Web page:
ST. CROIX — The St. Croix Board of Elections on Wednesday voted to remove Alicia Hansen, whose real name is Alden Alicia Pickering, from the November General Election ballot. They also voted to request an investigation into Mrs. Hansen’s eligibility to be a candidate, contending that the issues surrounding her name were to be carefully looked at by the Department of Justice, more pointedly Attorney General Claude Walker’s office, which would then determine whether Mrs. Hansen had committed fraud and should be permanently banned from this year’s ballot, or whether she should be allowed to run.
Voting to override Supervisor of Elections Caroline Fawkes’s decision and remove Mrs. Hansen from the ballot were members Glenn Webster, who made the motion, Barbara Jackson McIntosh, the board’s vice chairwoman, Roland Moolenaar and Adelbert Bryan. Voting against the motion were board members Raymond J. Williams and Lilliana Belardo de O’Neal, the board’s chairwoman. Member Lisa Harris-Moorhead, who was present for most of the meeting but stormed out following some friction with Mr. Bryan, was absent.
A motion made by Mr. Williams following the successful vote to remove Mrs. Hansen from the ballot, also blocked Mrs. Fawkes from sending St. Croix ballots to be printed before being authorized by the board; a move aimed at stymieing any move by the supervisor of election to ignore the board’s decision.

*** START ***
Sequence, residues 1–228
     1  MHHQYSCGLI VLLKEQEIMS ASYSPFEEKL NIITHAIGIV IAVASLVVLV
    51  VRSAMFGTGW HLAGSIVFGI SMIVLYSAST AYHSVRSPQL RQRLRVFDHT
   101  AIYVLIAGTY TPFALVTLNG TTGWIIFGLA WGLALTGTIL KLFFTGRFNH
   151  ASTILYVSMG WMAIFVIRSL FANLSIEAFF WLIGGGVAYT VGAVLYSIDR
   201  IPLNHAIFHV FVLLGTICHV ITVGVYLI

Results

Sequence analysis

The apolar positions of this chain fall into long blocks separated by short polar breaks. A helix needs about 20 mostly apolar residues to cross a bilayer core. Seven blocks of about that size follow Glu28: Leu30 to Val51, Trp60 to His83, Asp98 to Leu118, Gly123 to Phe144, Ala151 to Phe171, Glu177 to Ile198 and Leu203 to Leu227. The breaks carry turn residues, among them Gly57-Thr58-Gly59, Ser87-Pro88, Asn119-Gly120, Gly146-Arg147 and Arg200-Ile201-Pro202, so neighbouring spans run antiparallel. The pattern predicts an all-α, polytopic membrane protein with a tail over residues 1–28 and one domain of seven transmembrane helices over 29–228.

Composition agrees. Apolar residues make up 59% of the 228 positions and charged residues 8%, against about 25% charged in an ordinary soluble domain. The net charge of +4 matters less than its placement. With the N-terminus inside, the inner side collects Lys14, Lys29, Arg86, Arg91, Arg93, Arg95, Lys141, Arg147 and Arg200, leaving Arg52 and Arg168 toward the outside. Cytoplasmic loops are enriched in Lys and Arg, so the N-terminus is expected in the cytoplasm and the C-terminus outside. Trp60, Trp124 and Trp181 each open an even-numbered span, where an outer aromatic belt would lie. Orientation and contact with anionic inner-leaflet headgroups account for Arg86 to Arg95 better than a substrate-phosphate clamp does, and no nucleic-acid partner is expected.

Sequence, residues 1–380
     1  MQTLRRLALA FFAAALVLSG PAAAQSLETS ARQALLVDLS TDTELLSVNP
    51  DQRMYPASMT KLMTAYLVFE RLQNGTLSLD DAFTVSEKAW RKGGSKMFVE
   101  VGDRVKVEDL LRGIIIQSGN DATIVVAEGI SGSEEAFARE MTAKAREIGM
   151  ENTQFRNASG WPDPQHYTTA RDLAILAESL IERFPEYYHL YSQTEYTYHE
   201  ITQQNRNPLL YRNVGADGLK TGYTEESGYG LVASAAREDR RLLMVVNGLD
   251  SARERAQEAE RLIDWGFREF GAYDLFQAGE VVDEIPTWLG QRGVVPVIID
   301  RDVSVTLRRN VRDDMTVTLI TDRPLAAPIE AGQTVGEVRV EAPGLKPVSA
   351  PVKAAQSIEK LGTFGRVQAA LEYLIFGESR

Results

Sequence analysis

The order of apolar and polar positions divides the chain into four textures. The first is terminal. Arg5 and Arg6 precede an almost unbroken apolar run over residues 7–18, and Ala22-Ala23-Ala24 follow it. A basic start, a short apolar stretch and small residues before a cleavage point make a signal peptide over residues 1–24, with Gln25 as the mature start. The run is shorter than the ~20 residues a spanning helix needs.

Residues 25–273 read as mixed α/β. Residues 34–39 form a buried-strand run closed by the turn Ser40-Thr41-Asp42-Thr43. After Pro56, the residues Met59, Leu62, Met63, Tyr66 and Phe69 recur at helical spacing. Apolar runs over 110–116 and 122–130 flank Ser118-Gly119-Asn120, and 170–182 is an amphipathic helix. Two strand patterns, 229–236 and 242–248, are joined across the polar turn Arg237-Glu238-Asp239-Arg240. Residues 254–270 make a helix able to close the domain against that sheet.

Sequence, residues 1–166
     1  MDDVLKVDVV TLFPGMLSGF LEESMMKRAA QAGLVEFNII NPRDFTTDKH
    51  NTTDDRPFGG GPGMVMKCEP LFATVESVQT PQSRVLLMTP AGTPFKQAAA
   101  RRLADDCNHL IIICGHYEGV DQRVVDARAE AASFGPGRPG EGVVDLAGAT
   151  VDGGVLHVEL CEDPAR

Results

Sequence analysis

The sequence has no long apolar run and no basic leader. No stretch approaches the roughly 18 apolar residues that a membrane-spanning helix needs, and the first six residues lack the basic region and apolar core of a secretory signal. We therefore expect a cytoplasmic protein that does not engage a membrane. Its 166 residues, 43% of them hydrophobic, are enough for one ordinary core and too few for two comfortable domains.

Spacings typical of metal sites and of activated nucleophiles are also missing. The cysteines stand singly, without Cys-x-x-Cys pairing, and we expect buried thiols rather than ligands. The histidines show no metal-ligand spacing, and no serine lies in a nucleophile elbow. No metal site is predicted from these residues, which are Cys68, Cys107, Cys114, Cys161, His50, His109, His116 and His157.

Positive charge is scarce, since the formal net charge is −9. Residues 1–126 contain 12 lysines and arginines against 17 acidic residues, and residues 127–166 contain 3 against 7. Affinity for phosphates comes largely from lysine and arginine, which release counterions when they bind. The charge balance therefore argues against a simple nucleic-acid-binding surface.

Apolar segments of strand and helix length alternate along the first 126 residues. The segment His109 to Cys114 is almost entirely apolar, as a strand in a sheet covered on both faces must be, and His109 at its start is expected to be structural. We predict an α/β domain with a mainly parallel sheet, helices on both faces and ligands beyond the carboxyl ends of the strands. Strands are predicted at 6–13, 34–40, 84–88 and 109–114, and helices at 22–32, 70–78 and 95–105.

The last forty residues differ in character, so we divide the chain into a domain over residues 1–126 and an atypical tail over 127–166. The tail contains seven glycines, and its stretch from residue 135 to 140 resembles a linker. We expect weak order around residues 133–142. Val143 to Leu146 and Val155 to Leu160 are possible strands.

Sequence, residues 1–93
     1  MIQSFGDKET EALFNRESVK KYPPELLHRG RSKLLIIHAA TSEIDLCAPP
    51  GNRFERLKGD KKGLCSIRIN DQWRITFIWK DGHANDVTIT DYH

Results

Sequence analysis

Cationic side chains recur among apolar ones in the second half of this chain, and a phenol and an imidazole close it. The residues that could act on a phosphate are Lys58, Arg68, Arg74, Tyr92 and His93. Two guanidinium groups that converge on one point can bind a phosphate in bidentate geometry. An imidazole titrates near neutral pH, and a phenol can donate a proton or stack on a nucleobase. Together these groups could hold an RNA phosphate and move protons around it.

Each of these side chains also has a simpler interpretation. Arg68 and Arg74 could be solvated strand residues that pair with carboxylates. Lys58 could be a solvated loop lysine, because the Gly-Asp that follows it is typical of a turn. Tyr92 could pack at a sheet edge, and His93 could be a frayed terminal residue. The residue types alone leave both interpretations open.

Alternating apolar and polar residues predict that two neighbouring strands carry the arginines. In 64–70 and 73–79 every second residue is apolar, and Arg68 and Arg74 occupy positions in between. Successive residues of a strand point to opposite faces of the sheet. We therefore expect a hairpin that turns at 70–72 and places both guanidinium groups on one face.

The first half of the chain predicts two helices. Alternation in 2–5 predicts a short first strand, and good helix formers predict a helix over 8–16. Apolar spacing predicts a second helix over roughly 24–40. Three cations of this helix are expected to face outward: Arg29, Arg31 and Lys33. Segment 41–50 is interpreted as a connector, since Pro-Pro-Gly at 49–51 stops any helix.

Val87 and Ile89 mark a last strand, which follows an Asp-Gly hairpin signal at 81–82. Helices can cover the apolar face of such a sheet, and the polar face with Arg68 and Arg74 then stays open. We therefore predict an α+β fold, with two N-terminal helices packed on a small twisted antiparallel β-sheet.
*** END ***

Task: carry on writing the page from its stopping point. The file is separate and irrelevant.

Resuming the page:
The vote represents a major turn in this year’s election, and comes at a time when Mrs. Hansen was beginning her campaign run in earnest, erecting large signs across the island, while taking aim at some opponents, including Senator Kenneth Gittens, chiding the second-term Democrat for some of his election reform measures. Mrs. Hansen had also taken to the airwaves on Saturday to lampoon Mr. Bryan, suggesting that the former senator and current Joint Board of Elections vice chairman had willfully shot his son in the back, and that Mr. Bryan had shot pregnant livestock.
St. Croix board members openly debated the matter of Mrs. Hansen’s candidacy at today’s meeting before the vote, concurring that there remain issues with her name. The meeting lasted about three hours.
On July 12, Mrs. Hansen filed in Superior Court to have her name legally changed from Alden Alicia Pickering to Alicia “Chucky” Hansen. In her petition, Mrs. Hansen told the court the name change was to “make all of my documents consistent with the name I’ve been known as for all my life, that is reflected on my United States passport, and that the public is familiar with as a senator and politician for the last 25 years.”
But the petition did not address why a name that the same petition does not recognize as her legal name has been used for so many years.
The Democratic Party had taken to task Mrs. Fawkes, asking that she verify whether Mrs. Hansen, who has filed to run for a Senate seat in the General Election as an independent candidate under the illegal name Alicia “Chucky” Hansen, should be allowed to run, or whether she should be disqualified. Mrs. Fawkes said Mrs. Hansen was qualified. But in an amendment to today’s motion to remove Mrs. Hansen from the ballot, made by Mr. Bryan, the board also voted to determine whether Mrs. Fawkes had used due diligence when she determined that Mrs. Hansen was eligible; the implication being Mrs. Fawkes could be terminated if found wanting.
Feature Image: Alicia Hansen.